The story begins at two brahmanical villages in India, called Upatissa and Kolita, which lay not far from the city of Rājagaha.1 Before our Buddha had appeared in the world, a brahmin woman named Rūpasārī, living in Upatissa village,2 conceived; and so too, on the same day at Kolita village, did another brahmin woman whose name was Moggallī. The two families were closely connected, having been friends with one another for seven generations. From the first day of their pregnancy the families gave due care to the mothers-to-be, and after ten months both women gave birth to boys, on the same day. On the name-giving day Rūpasārī’s child received 5the name Upatissa, as he was a son of the foremost family of that village; and for the same reason Moggallī’s son was named Kolita.

When the boys grew up they were educated and acquired mastery of all the sciences. Each of them had a following of five hundred brahmin youths, and when they went to the river or park for sport and recreation, Upatissa used to go with five hundred palanquins, and Kolita with five hundred horse carriages.

Now at Rājagaha there was an annual event called the Hilltop Festival. Seats were arranged for both youths and they sat together to witness the celebrations. When there was an occasion for laughter, they laughed; when the spectacle was exciting, they became excited; and they paid their fees for the extra shows. In this manner they enjoyed the festival for a second day. On the third day, however, strange thoughts cast their shadows across their hearts, and they could no longer laugh or share in the excitement. As they sat there, watching the plays and dances, for just a moment the specter of human mortality revealed itself to their inner vision, and once they had caught a glimpse of it their attitude could never again be the same. For each, this somber mood gradually crystallized into a compelling question: “What is there to look at here? Before these people have reached a hundred years they will all be dead. Shouldn’t we go seek a teaching of deliverance?”

It was with such thoughts in mind that on this third day they sat through the festival. Kolita noticed that his friend seemed pensive and withdrawn and asked him: “What is the matter, my dear Upatissa? Today you are not happy and joyous as you were on the other days, but you seem to be troubled about something. Tell me, what is on your mind?”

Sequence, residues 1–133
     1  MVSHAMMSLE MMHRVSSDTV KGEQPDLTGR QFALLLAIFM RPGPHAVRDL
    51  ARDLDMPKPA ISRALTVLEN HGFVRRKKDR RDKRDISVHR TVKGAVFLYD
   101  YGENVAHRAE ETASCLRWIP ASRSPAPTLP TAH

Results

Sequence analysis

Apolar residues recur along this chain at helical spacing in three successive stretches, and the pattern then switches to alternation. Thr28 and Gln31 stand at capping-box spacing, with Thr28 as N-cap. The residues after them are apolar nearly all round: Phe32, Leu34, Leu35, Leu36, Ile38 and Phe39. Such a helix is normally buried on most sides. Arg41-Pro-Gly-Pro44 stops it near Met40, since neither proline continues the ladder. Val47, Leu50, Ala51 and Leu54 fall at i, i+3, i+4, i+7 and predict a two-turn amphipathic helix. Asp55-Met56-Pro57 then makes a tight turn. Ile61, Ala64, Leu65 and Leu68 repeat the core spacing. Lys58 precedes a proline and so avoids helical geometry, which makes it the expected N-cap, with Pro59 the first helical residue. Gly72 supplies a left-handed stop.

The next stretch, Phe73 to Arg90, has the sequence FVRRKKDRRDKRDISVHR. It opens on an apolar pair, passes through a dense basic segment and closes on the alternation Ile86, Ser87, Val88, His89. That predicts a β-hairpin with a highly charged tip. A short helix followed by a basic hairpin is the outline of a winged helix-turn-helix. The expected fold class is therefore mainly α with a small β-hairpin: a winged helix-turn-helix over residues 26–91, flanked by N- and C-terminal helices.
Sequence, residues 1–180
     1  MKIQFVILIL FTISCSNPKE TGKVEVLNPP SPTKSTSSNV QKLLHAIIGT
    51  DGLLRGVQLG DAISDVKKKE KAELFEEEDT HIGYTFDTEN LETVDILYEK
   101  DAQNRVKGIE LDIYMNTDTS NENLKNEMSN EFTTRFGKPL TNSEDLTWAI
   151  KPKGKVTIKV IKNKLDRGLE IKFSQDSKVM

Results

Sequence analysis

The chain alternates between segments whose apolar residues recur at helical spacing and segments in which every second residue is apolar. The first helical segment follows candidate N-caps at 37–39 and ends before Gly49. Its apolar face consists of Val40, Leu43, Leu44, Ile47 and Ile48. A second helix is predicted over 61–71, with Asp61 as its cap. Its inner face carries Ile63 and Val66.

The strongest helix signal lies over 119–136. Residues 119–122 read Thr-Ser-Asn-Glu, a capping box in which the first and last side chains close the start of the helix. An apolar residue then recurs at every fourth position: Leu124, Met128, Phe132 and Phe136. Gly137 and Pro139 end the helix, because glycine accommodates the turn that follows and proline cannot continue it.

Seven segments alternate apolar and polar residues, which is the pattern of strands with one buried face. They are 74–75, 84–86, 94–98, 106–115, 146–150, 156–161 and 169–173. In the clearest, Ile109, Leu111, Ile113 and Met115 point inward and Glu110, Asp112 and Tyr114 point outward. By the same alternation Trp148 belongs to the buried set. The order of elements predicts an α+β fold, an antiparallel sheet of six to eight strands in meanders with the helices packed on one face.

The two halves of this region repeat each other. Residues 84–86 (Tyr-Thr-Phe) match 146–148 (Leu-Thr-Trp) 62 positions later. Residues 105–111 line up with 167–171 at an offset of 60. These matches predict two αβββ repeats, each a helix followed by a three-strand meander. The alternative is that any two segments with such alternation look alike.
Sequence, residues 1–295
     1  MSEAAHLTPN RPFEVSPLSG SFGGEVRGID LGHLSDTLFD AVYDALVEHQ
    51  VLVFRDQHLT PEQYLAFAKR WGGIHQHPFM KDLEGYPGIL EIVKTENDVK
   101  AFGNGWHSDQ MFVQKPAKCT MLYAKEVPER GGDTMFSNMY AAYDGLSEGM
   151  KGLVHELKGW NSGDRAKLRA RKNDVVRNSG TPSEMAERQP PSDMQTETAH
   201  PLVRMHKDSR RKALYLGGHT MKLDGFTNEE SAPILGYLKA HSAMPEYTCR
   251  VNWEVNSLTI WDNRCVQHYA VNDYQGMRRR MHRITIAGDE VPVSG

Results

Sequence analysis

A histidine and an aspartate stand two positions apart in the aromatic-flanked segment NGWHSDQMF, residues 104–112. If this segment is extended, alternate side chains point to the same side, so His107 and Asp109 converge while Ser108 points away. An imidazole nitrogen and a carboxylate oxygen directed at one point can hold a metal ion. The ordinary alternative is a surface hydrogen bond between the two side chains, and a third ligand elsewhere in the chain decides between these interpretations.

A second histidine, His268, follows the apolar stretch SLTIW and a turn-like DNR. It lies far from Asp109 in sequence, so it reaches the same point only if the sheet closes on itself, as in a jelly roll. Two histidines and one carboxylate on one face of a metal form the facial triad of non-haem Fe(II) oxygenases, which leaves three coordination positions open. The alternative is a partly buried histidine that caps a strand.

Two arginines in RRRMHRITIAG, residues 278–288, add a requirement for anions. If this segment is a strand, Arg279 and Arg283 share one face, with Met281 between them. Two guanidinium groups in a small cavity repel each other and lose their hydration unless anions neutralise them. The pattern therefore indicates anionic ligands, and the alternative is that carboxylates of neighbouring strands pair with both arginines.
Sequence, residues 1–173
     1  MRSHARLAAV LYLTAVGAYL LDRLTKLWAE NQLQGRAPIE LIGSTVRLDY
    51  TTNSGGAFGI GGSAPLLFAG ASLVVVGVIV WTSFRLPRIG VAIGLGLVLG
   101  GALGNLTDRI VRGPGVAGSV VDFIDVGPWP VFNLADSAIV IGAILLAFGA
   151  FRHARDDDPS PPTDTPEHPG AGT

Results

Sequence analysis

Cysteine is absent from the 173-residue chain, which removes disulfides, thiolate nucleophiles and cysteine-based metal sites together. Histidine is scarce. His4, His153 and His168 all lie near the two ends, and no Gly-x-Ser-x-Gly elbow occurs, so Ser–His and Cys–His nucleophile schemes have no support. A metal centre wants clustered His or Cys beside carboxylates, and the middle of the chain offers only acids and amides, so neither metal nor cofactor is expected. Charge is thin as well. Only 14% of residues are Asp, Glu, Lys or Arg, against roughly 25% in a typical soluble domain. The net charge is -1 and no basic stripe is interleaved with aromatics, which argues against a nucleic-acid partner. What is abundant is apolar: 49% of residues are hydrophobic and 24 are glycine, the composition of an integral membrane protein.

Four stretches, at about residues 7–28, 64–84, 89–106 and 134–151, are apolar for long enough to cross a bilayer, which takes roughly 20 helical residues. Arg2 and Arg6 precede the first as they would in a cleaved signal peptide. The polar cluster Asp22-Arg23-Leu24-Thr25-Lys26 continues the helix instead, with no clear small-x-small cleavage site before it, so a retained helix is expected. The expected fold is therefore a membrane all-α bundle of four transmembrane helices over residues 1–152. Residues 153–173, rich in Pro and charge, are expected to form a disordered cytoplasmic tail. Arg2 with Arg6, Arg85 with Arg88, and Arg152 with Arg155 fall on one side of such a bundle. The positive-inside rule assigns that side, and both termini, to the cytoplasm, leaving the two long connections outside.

“My dear Kolita, I have been thinking that there is no benefit at all for us in enjoying these hollow shows. Instead of wasting my time on such festivals, what I really ought to do is to seek a path to deliverance from the entire round of rebirths. But you too, Kolita, seem to be discontented.”

And Kolita replied: “My thoughts are exactly the same as yours.” When he knew that his friend shared his inclination, Upatissa said: “That was a good thought of ours. However, for those who seek a teaching of deliverance there is only one thing to do: to leave home and become ascetics. But under whom shall we live the ascetic life?”

At that time, there lived at Rājagaha a wandering ascetic (paribbājaka) named Sañjaya, who had a great following of pupils. Deciding to take ordination under him, Upatissa and Kolita approached him, each with his own following of five hundred brahmin youths, and all of them received ordination from Sañjaya. And from the time of their ordination under 6him, Sañjaya’s reputation and support increased abundantly.

Within a short time the two friends had learned Sañjaya’s entire doctrine. They then went to him and asked: “Master, does your doctrine go so far only, or is there something beyond?”

Sañjaya replied: “So far only does it go. You know it completely.”

Hearing this, they thought to themselves: “If that is the case, it is useless to continue the holy life under him. We have gone forth from home to seek a teaching of deliverance, but under him we cannot find it. India is vast, and if we wander through villages, towns, and cities we shall certainly find a master who can show us the path we are seeking.” And from then on, whenever they heard that there were wise ascetics or brahmins in this place or that, they went to meet them and learn their doctrines. There was none, however, who could answer all their questions, while they were able to reply to those who questioned them.